Think You’re Dodging the Drama? Avoiding a Fight Can Cause a Fight

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Why Holding Back Can Backfire

When your partner gets your blood boiling, it might be tempting to push down your feelings and try to avoid a fight. Sometimes that just seems easier, and at the end of a long day the last thing you want to do is end up in an argument. The thing is, by suppressing your feelings about whatever is bothering you, you can actually cause a bigger fight. Keeping quiet can backfire, and you just wind up in an argument anyway. It’s better to communicate your issues, or avoiding a fight can actually cause the fight!

Boiling Over

Sometimes taking a breather will help you calm down about a problem, but sometimes it just makes your partner stew even more. Especially if what you’re upset about is an ongoing issue, keeping silent will only make the issue unresolved, causing you both to get angrier and angrier over time. Your feelings or your partner’s feelings will eventually come out because either one of you will build up steam like a tea kettle until you scream! Emotions can’t stay suppressed forever – they will always come bubbling to the surface. By the time you express what you’re thinking, your emotions are built up to be stronger and the fight will be bigger.

Misplaced Anger

If you try to avoid a fight over one issue, your feelings can come out as a fight over something else. Before you know it, you’re complaining about how your husband parks the car or how he was 5 minutes late coming home from work. Basically, avoiding a fight might bring up tensions in other areas of your relationship. The anger you feel has to find its way out somehow, and it might come out an an unexpected time. Instead of bickering over the small stuff that you’re not REALLY that mad about, just address the bigger issue so your fighting doesn’t pop up randomly.

It’s Hard to Hide Your Feelings

Your partner can probably tell when you’re upset, even when you think your hiding it. Sometimes just the fact that you are obviously holding something back can cause a fight. If your partner says “What’s wrong?” and you say “Nothing,” it can cause an argument because you’re not being honest and that is very frustrating for the other person. Don’t make your spouse guess about what’s bothering you – she or he will probably just get annoyed. It’s better to bring up the issue on your own so your spouse doesn’t have to play the guessing game which leads to a fight.

Creating a Cycle

The more you withdraw from your partner, the more his or her volume will increase to get your attention. You might think you are being smart by walking away to avoid escalating the situation, but all your partner thinks is that you are not interested in dealing with the issue and that you don’t care. Your good intentions can easily be misconstrued and lead to a harsher tone from your partner, and soon — an argument. This cycle is not healthy and you should nip it in the bud. Instead of just walking away, which will look like you are jumping ship, make an effort to explain that you love your partner, but you want to avoid escalation so you need to cool of for 30 minutes. Then — and this is important — you need to fulfill your promise and return to the conversation as promised.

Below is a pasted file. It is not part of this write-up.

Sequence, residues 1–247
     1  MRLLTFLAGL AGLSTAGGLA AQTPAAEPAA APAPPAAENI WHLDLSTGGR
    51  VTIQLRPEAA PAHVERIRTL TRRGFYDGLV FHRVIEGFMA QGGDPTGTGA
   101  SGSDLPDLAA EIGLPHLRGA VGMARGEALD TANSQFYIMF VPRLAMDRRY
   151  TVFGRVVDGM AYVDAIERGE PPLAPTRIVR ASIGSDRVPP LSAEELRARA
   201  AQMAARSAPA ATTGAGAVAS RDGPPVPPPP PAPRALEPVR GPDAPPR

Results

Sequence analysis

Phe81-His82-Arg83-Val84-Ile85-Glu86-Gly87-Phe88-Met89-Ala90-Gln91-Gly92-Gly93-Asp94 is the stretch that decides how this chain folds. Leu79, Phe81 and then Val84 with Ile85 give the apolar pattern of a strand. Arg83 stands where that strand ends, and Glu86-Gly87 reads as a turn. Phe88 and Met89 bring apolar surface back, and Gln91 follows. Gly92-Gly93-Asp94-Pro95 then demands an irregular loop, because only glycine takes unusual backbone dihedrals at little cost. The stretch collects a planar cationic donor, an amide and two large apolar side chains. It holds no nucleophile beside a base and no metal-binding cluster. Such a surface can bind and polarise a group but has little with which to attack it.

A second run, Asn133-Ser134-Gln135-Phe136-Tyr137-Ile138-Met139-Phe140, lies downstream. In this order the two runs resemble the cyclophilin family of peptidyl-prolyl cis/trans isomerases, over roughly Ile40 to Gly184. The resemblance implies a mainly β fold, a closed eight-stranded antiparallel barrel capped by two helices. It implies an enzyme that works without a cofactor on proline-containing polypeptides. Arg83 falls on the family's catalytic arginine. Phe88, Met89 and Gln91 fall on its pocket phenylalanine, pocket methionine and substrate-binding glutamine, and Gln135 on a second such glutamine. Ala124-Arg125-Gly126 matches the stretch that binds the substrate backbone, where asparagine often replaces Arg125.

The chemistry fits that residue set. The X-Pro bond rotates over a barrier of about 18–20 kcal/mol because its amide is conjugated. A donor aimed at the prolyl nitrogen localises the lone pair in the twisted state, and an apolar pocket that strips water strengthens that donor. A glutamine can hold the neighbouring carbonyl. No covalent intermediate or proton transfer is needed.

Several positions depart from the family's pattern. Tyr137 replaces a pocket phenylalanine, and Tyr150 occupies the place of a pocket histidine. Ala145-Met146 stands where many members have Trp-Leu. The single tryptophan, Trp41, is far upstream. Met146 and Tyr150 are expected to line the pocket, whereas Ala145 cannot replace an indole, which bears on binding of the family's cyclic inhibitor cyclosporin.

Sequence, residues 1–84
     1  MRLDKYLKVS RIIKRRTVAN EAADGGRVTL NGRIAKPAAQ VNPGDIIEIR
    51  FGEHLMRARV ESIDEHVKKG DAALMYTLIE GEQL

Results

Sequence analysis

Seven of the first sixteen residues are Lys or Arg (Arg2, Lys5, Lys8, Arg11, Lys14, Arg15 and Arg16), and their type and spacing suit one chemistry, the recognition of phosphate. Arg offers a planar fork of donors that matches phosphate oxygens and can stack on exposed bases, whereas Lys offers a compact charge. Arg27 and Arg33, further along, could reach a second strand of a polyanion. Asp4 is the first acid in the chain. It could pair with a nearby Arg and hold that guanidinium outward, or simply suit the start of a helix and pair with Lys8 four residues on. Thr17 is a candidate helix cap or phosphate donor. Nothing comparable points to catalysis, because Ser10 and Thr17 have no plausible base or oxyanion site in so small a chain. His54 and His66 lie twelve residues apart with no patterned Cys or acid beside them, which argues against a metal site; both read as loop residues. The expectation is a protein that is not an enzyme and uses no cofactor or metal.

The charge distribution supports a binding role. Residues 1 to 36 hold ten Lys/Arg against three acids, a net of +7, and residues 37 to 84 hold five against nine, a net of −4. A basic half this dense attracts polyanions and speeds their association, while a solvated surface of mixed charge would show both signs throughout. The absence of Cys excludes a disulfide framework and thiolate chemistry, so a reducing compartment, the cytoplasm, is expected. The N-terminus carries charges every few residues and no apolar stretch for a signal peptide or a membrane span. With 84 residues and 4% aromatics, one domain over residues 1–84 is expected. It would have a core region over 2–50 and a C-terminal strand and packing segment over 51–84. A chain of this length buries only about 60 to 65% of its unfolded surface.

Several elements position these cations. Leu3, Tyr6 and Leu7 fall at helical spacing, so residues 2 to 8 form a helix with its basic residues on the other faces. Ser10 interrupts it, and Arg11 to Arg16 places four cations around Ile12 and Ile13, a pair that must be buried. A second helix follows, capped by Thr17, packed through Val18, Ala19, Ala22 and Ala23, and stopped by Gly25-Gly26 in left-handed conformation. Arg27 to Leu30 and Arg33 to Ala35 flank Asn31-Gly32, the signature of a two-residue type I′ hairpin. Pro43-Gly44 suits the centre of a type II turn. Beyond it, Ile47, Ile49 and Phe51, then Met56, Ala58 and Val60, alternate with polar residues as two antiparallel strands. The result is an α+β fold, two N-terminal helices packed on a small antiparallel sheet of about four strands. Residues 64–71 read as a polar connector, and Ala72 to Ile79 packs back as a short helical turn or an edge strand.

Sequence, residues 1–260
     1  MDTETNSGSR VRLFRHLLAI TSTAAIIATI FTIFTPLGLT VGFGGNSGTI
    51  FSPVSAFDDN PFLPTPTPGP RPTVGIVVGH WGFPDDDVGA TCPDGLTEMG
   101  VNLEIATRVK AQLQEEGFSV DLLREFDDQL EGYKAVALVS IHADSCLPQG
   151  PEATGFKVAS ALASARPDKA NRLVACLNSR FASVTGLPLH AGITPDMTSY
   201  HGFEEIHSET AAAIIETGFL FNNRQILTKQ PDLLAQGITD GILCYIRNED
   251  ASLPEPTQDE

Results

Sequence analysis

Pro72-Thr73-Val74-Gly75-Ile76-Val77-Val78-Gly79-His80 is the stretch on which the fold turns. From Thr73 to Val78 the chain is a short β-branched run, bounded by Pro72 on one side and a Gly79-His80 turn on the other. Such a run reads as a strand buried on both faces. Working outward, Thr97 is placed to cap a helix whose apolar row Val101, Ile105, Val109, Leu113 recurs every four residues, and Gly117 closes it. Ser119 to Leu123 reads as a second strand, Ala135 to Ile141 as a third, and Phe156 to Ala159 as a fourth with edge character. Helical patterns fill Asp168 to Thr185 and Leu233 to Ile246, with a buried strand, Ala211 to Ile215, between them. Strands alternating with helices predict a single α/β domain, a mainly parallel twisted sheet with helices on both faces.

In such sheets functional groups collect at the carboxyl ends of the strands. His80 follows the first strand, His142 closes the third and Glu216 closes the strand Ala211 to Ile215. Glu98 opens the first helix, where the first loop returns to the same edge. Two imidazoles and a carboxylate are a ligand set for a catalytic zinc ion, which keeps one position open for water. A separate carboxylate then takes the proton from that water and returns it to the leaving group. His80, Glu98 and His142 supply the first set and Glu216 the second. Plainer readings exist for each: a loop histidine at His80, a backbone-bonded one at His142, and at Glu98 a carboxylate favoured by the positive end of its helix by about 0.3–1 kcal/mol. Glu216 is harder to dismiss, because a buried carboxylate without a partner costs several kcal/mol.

Even though you might think you’re avoiding a fight, staying silent when you’re mad can lead to a fight – maybe one that’s bigger than the original fight would have been! It’s better to deal with things head on, even if you need a short cooling off period first. Deal with the issue as soon as possible so you don’t have a colossal argument because you were trying to steer clear of the drama!

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About Jennine Estes, MFT

Think of me as your relationship consultant, I'm your neutral third party that can help you untangle the emotions and help you figure out what's really going on. I am a Marriage and Family Therapist in San Diego, CA. Certified in Emotionally Focused Therapy for Couples. Supervisor. I write relationship and self growth advice for my column Relationships in the Raw. Creator of #BeingLOVEDIs campaign. MFC#47653

5 Responses to “Think You’re Dodging the Drama? Avoiding a Fight Can Cause a Fight”

  1. Mayka

    Excellent and very real life article. We need to learn to be responsible for how and what we feel in moments of anger. Talking to our partners about it, is one of the best ways to express our feelings when something is bothering us. Yes, it’s hard and exhausted sometimes but we will feel much better after we have express how we feel. 😉

    Reply
  2. John

    Goes along with the research by Howard Markman, University of Denver, that in fact successful couples do argue (it’s how they argue that is the important thing).

    Reply
  3. Jill Hansen

    Great post! I really enjoyed reading your article. I actually always held my anger in, until I exploded one day. I now know to vent.. lol..

    Cheers!
    -Jill

    Reply

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